Red Wines of Tuscany – Rosso di Montalcino

George and Gail of Fine Wines of Stockton have devised a rather clever way to teach us about the wines of Tuscany. Over the next couple of months we will taste a variety of red wines from Tuscany (excluding Brunello di Montalcino because it is a bit pricey). After each tasting we will choose our two favorite wines. These favorites will then go to a Tuscan Taste Off.

On Thursday night we tasted six Rosso di Montalcinos. In future tastings we will taste Vino Nobile di Montepulciano and Chianti. This will give us an exposure to these three types of Tuscan wines and allow us to see what we like about each kind of wine.

To learn more about Tuscany overall check out our prior post “Tuscany and Its Wines”. You can find a nice map of Tuscany on the Cellar Tours site. For this tasting we will concentrate on Montalcino.

First a bit about Montalcino. Rosso di Montalcino, sometimes referred to as Baby Brunello, gained its DOC (Denominazione di origine controllata) ranking in 1983. It is referred to as Baby Brunello because it is produced 100% from the same Sangiovese clones used in Brunello di Montalcino, but does not have the same aging requirements as Brunello. Rosso di Montalcino must spend six months in oak and one year aging before release. Brunello is aged four years or more before release. Wine makers typically split off the best grapes for their Brunello with the rest going to Rosso di Montalcino.

The Brunello variant of Sangiovese Grosso was developed in Montalcino by Ferruccio Bondi-Santi and his predecessors. It was chosen for its smaller berries, higher flesh-to-skin ratio and more flavorful juice. Biondi-Santi was the first to plant a vineyard entirely of the Brunello clone and produced the first aged Brunello in 1888.

The process where by the best grapes are split off to Brunello allows it to be the best it can, and allows the winemaker to get some wine to the market sooner in the form of the Rosso di Montalcino. Additionally, Brunello di Montalcino is a more concentrated tannic wine that typically benefits from aging 10-15 years. Rosso di Montalcino typically exhibits brighter fruit and is ready to drink now or hold for up to 5 years. Rosso is also more affordable than Brunello, like one-third to one-half the price.

Now, on to the wines we tasted Thursday night:

2009 Tenute Silvio NardiSilvio Nardi Rosso di Montalcino imagethe color was garnet with a dark fruit nose, earthy and tart cherry flavors. The tannins were significant, but well integrated. The wine had good acid and a moderately long finish. The group wanted to re-taste this wine before voting, so George gave us all another pour. This wine was the group’s favorite.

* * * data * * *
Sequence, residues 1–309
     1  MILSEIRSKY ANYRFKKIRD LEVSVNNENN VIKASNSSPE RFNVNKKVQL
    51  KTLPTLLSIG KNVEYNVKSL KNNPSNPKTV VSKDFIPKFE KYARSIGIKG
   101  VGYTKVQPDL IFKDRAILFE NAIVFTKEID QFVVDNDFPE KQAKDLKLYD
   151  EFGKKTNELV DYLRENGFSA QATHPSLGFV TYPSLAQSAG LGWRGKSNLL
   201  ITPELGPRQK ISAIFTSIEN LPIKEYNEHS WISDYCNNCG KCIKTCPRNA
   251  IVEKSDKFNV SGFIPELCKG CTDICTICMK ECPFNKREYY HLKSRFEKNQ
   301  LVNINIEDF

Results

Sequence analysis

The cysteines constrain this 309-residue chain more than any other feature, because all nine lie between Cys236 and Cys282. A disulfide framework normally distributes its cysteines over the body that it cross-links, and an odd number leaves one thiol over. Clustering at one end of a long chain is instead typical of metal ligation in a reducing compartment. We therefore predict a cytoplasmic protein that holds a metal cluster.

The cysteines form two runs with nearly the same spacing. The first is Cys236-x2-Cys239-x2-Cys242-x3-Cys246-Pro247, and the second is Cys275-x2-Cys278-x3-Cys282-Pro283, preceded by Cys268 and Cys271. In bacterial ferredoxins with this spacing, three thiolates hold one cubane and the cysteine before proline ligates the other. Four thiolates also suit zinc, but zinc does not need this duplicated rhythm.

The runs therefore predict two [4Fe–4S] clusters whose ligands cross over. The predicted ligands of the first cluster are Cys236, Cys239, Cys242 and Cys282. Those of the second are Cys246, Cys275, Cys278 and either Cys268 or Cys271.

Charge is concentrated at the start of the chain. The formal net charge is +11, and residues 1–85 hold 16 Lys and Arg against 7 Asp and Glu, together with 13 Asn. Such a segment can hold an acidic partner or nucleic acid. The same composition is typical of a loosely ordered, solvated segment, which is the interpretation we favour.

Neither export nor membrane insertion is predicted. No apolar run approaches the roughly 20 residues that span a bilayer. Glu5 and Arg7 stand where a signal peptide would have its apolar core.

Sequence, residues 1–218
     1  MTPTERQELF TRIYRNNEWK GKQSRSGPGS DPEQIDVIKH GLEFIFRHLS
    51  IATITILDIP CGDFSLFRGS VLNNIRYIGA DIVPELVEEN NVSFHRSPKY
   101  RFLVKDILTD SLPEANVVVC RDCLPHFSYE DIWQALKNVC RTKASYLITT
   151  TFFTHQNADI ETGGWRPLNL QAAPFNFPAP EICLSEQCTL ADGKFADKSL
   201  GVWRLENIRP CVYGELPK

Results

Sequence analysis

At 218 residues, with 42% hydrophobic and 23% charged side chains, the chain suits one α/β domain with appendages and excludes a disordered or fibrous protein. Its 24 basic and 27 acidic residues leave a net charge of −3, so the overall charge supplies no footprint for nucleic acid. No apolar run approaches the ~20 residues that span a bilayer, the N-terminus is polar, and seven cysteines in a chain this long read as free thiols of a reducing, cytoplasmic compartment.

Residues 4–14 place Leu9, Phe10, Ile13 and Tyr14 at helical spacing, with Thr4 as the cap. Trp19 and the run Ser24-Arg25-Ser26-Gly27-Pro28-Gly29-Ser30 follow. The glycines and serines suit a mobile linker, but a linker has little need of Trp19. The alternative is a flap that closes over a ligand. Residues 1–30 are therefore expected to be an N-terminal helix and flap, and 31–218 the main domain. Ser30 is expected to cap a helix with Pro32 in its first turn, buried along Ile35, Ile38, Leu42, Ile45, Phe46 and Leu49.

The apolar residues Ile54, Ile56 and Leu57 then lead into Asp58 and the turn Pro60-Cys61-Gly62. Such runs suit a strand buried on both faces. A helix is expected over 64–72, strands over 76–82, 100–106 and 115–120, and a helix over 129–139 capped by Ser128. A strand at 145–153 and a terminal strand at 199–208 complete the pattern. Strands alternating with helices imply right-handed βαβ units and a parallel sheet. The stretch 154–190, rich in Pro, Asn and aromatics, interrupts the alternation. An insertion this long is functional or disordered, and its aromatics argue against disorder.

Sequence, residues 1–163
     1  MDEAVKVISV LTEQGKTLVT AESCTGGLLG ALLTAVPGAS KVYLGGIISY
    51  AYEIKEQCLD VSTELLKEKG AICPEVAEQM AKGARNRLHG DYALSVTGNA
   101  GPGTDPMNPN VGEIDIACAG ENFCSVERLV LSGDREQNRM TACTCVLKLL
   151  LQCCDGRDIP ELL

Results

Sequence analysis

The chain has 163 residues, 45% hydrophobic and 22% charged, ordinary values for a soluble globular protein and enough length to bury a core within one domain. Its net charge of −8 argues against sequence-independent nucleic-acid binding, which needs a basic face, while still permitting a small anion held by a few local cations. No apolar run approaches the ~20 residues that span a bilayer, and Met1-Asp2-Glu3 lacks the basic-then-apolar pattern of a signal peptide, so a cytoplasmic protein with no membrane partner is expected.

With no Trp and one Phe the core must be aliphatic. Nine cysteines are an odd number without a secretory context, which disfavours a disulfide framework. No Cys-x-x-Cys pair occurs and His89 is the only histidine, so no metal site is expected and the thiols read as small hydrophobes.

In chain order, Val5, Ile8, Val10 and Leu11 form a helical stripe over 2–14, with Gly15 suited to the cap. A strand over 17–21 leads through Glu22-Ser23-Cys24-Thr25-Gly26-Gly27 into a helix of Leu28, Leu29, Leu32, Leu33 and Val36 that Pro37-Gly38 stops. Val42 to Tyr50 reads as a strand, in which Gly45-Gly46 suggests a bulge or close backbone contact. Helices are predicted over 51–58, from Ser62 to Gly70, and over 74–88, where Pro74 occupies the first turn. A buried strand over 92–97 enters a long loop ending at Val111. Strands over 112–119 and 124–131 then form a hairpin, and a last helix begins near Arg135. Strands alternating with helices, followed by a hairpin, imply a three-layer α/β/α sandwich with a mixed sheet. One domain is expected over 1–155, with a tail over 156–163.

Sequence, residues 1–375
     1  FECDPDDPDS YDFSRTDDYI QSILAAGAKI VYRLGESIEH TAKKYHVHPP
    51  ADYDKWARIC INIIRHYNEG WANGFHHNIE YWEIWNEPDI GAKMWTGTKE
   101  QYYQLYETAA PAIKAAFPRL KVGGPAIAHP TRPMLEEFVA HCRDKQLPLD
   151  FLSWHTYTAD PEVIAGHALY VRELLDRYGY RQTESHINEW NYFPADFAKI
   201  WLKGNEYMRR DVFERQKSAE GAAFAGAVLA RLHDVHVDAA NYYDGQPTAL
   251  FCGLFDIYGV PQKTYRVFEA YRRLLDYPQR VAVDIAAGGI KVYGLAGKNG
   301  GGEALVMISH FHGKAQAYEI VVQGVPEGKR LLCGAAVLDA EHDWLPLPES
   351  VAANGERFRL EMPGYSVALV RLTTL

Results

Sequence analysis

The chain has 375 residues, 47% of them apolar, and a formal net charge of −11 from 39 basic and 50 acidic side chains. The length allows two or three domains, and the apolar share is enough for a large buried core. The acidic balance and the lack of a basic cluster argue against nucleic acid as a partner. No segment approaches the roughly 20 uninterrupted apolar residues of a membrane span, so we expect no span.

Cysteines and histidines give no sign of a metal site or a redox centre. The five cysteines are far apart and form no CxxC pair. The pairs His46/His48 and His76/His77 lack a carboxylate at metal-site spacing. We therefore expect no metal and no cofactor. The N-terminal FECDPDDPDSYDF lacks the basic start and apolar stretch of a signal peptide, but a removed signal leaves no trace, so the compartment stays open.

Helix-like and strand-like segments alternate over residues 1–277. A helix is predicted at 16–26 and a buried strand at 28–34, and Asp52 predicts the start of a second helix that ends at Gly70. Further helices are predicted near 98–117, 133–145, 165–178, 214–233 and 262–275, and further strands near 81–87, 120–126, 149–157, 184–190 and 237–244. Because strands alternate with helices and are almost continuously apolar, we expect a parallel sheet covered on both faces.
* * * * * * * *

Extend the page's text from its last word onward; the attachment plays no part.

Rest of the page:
2009 Palazzo – garnet color with a slight barnyard nose initially that blew off to smoke. Tart cherries and tobacco flavors were accompanied by grippy tannins and good acidity. The finish was fairly long. Overall fairly complex flavors.

2009 Valdipiatta – darker garnet color with a dark fruit nose. Smoke, tobacco, black pepper and dark fruit flavors combine with good acid and significant tannins to produce a long finish. This wine had a weightier feel in the mouth than the prior two wines.

2010 Il Poggione2010 Il Poggione – garnet color with a minimal nose. Dark fruit flavors with minerality and drying tannins. This wine has a light mouth feel and an understated style, though it is not a simple wine. This was the group’s second favorite wine.

2009 Le Potazzine Gorelli – light garnet color with a minimal nose. Mineral and light fruit flavors with significant tannins and good acid. An austere but elegant wine with a light body.

2009 Le Chiuse – garnet color with cherries on the nose. Flavors of black pepper, nutmeg accompany cherry flavors, good acid and significant tannins to create a relatively long finish. This wine had a lot of flavor and a light mouth feel, always a great combination.

All of these wines were excellent. There was not one clunker in the group. They are moderately priced, ranging from $21 to $36. There was a good range of styles within this group as well, from the leaner Il Poggione and Le Potazzine Gorelli to the more muscular Palazzo and Valdipiatta. There is something for everyone in this group.

So, the 2009 Tenute Silvio Nardi and the 2010 Il Poggione will be the two Montalcino representatives in the Tuscan Taste Off. I can hardly wait.

Next week we will taste Wines for Christmas and New Year Celebrations and the following week will be 2009 Bordeaux. After that we will take a break for the Holidays and resume tasting in January. We will continue with the Tuscany tastings then.